Are you an avid reader with an excellent grasp of the English language, spelling, grammar and writing issues? If you are seeking a new direction, one option may be to start a home-based proofreading or editing business.

A major lifestyle change can be exciting, and launching a business can be a leap into the unknown. However, any entrepreneur will tell you that a critical part of this process is to start by asking some key questions. These may cover issues like who will be your customers, your rationale for taking on a new endeavour, how you like to work and what it takes to be a successful business owner.

  • Who needs editing and proofreading services?

Anyone who writes for a public audience and requires editing or proofreading assistance is a potential client. Future customers may include authors, copywriters, editors and publishers, business owners, advertising companies, corporate communications and public relations agencies, website owners, university students, creative directors, among others.

  • What skills and knowledge do I need to get ahead?

Having a passion for reading, a good grasp of English language, grammar, punctuation, spelling, and writing styles, as well as a gift for spotting errors, are all excellent starting points. However, investing in some training is recommended to prepare to enter a competitive professional marketplace. Understanding fundamental publishing industry practices can be critical for making career progress, gaining credibility with customers and increasing earning potential. Being prepared to do some voluntary work is also helpful for achieving not only some experience but also acquiring positive testimonials that can be used in your future marketing.

  • How do I want to work as a freelance editor/proofreader?

    • Understanding the different types of editing jobs you can do is an important consideration for choosing how you’d like to work. Proofreading, copyediting, and structural editing have unique tasks and responsibilities and usually occur at separate stages of the publishing process. Many proofreaders and editors opt for specialisation to make it easier to pitch their skills to a particular market, but others prefer to remain generalists.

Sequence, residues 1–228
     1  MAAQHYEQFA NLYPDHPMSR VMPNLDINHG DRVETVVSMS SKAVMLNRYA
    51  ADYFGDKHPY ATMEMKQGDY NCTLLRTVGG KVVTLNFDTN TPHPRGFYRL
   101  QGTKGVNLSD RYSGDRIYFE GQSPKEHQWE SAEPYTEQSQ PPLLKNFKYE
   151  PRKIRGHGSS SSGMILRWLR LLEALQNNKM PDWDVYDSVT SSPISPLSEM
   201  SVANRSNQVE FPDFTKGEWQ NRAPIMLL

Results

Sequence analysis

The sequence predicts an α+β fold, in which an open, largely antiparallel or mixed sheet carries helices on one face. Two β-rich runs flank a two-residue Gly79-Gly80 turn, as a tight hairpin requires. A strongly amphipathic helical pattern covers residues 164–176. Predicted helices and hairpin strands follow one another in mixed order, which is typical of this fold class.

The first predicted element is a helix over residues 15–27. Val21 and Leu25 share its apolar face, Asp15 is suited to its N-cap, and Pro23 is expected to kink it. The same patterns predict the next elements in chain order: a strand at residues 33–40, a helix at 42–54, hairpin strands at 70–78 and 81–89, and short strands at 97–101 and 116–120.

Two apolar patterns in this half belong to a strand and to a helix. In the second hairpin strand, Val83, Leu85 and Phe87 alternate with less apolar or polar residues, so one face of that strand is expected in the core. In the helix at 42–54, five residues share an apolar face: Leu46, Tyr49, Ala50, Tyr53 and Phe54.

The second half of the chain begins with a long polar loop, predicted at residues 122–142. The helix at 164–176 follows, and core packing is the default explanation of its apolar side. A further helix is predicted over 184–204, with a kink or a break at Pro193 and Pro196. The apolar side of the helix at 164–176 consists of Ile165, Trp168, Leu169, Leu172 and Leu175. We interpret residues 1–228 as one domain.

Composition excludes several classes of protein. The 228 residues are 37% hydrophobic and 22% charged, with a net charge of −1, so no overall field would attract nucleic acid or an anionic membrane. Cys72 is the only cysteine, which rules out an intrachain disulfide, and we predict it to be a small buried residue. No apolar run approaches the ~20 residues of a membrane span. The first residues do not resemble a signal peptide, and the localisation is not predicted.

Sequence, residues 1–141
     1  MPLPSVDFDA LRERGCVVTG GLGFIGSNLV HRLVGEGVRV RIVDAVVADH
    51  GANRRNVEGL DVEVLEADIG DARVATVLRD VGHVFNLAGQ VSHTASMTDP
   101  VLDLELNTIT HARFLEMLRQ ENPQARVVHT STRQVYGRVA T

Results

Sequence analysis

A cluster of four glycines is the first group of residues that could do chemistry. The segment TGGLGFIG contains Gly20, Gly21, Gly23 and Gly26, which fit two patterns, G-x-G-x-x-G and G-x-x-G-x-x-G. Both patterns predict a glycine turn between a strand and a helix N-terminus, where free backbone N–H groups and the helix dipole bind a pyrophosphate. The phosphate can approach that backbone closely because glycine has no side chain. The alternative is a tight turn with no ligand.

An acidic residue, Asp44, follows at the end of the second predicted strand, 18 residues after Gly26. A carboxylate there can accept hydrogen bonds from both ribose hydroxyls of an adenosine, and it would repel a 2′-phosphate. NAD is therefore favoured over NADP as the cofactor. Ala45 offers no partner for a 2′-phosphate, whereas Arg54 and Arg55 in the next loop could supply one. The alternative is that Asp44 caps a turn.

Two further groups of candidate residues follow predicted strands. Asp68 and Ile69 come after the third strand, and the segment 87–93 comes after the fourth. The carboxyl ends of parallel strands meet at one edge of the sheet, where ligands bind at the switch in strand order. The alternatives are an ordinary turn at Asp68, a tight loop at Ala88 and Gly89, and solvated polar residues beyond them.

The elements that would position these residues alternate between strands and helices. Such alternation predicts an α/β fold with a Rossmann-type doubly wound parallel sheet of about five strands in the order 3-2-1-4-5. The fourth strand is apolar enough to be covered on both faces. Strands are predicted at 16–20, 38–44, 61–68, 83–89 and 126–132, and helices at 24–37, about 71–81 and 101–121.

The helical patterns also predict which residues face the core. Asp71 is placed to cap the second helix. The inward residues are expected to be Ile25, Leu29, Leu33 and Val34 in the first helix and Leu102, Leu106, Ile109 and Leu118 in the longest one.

• Connecting with customers requires decisions about naming your business, branding and key messaging around marketing channels. Presenting a professional and consistent presence can have a critical impact on customers’ perceptions of your services. If you already have some background experience in writing and publishing, you can list your credentials in your marketing to prospective clients. You may also have some contacts and readymade networks to tap into. If you’re new to the field, you can emphasise your personal qualities, behaviours and any specialised skills you acquired during your previous occupation, job or academic studies.
    • Deciding what business structure suits your needs is necessary for achieving your business goals related to profitability and growth. In New Zealand, the two most common choices for freelance editors are a sole trader or a limited company, and each has its own legal and financial obligations. Selecting a business model depends on whether you want to work alone or with others and what level of administration, tax and legal responsibilities you feel comfortable with.
    • Managing customer expectations, meeting deadlines and handling business pressures requires a professional attitude. From writing emails to social media interactions, and conducting business activities like invoicing and completing jobs, all need a high level of work ethics and excellence to make a positive lasting impression on customers.

The NZIBS Proofreading and Editing course provides an introduction to the world of publishing and includes the main stages in the editing process, the scope of different levels of editing, industry practices with handling different writing genres, traditional and onscreen proofreading mark-up methods, and a range of business fundamentals.

Want to get paid to find spelling misteaks?

Did you spot it? Do spelling “misteaks” jump off the page at you? Train to become a professional proofreader. Create new career opportunities. Study from home, at your own pace. Learn from industry experts.